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ASU professor studies how people view themselves

Virginia Kwan's research contributed to her recent promotion to full professor

Virginia Kwan

Virginia Kwan, professor in the ASU Department of Psychology

May 16, 2018

The Department of Psychology at Arizona State University promoted Virginia Kwan to full professor this year. Kwan joined ASU in 2009 and directs the Culture and Decision Science Lab.

Her research focuses on self-perception, or how people see themselves. Research in her lab examines how people's self-perception changes in relation to other people, to nonhuman entities like cybertechnologies and to versions of themselves at different points in time.

Kwan’s journey to ASU began in Hong Kong and included stops in Massachusetts, Minnesota, California and New Jersey.

One stop in California was a sabbatical at Stanford University’s Center for Advanced Study in the Behavioral Sciences. Kwan credits the time she spent there with broadening her research program to include how inanimate objects influence self-perception.

“And my research went to the dogs,” Kwan joked. She teamed up with Sam Gosling, a former labmate at University of California, Berkeley, who studies canine personality and how people anthropomorphize nonhumans such as pets.

Kwan said she started thinking about her work from a wider perspective and began to think about self-perception as a special case of perception between people. Her lab now focuses on how different situations can affect how people view themselves and interact with others and technologies.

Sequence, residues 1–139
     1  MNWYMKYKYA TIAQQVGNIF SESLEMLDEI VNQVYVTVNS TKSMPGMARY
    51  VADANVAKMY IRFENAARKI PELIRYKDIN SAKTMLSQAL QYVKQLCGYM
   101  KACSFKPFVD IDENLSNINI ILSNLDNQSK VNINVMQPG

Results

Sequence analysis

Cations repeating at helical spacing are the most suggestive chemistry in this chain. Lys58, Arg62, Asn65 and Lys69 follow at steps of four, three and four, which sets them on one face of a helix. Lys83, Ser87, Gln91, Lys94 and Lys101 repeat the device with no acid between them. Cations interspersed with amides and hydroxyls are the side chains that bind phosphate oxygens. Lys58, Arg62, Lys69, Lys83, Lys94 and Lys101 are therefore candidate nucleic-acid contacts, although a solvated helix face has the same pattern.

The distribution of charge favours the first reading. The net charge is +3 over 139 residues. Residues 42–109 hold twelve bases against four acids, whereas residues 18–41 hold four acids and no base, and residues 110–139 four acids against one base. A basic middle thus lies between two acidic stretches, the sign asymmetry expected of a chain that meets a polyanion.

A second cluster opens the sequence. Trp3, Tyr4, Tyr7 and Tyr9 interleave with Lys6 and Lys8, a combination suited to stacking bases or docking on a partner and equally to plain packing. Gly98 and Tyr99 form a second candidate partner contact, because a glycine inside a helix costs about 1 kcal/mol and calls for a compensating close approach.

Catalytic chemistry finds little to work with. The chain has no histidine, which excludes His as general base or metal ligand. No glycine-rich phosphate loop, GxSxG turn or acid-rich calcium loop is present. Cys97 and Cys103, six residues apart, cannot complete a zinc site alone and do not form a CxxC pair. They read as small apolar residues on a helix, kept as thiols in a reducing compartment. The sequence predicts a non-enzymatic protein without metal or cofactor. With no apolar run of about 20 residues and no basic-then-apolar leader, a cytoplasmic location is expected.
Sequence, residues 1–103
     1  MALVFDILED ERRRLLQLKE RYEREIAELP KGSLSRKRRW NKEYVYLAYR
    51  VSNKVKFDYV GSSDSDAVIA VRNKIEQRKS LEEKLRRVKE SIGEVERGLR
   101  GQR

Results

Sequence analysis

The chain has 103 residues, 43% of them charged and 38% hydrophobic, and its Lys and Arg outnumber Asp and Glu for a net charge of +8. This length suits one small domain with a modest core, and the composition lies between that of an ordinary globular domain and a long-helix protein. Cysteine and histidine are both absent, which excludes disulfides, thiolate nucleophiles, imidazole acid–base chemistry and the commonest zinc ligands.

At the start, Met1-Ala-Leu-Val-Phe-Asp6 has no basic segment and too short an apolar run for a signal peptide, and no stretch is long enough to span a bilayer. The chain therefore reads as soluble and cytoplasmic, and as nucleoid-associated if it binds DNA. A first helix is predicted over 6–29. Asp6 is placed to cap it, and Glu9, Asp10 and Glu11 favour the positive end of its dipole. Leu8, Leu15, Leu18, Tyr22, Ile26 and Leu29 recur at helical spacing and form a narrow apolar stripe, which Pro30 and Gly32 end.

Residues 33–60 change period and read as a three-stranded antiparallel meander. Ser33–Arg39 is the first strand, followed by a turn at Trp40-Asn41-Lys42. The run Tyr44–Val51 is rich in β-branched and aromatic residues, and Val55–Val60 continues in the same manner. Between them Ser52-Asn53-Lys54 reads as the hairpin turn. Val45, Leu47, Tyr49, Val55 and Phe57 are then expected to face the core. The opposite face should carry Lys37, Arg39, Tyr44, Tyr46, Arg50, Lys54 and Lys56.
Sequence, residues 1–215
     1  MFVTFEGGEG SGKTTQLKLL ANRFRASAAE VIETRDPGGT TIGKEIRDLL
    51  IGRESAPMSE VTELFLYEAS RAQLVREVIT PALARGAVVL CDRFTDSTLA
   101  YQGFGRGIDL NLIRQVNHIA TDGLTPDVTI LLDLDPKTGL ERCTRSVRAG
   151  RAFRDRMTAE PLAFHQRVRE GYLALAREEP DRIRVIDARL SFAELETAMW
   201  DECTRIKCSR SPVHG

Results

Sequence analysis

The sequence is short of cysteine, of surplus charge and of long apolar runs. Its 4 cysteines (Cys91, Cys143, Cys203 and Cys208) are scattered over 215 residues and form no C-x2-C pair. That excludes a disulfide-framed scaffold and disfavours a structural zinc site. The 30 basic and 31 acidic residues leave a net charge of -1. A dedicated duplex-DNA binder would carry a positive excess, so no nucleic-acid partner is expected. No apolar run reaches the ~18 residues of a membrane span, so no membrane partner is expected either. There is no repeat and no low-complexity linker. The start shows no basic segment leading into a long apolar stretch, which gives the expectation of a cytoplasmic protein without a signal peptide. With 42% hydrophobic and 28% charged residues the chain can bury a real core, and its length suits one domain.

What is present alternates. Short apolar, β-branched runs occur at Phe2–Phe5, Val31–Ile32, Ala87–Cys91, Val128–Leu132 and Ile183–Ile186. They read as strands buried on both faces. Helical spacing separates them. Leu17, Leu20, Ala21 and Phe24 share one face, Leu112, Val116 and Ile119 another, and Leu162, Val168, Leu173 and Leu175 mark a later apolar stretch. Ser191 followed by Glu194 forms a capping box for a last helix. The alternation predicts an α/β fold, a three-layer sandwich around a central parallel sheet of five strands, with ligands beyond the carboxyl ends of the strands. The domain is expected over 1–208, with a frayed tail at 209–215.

Based on how people relate to others — if they have anxious or avoidant relationships, for example — Kwan and her lab can predict how they use mobile devices like a cell phone.

“We can tell if they keep the cell phone close to their bed, and if they engage in inappropriate and dangerous texting habits, like while driving,” Kwan said.

Kwan said mentoring ASU students is one of the most rewarding aspects of her job. She enjoys it so much that she and her husband Oliver Graudejus, associate research professor in the School of Molecular Sciences, are volunteers with Big Brothers Big Sisters of Central Arizona. They spend every other Saturday with their little brothers, and one of their first Saturday activities was, of course, to attend the ASU Open Door event on the Tempe campus last year. Another fun activity they did together was participating in lessons with the Arizona Model Aviators, where kids learn to fly and build model airplanes as big as they are. 

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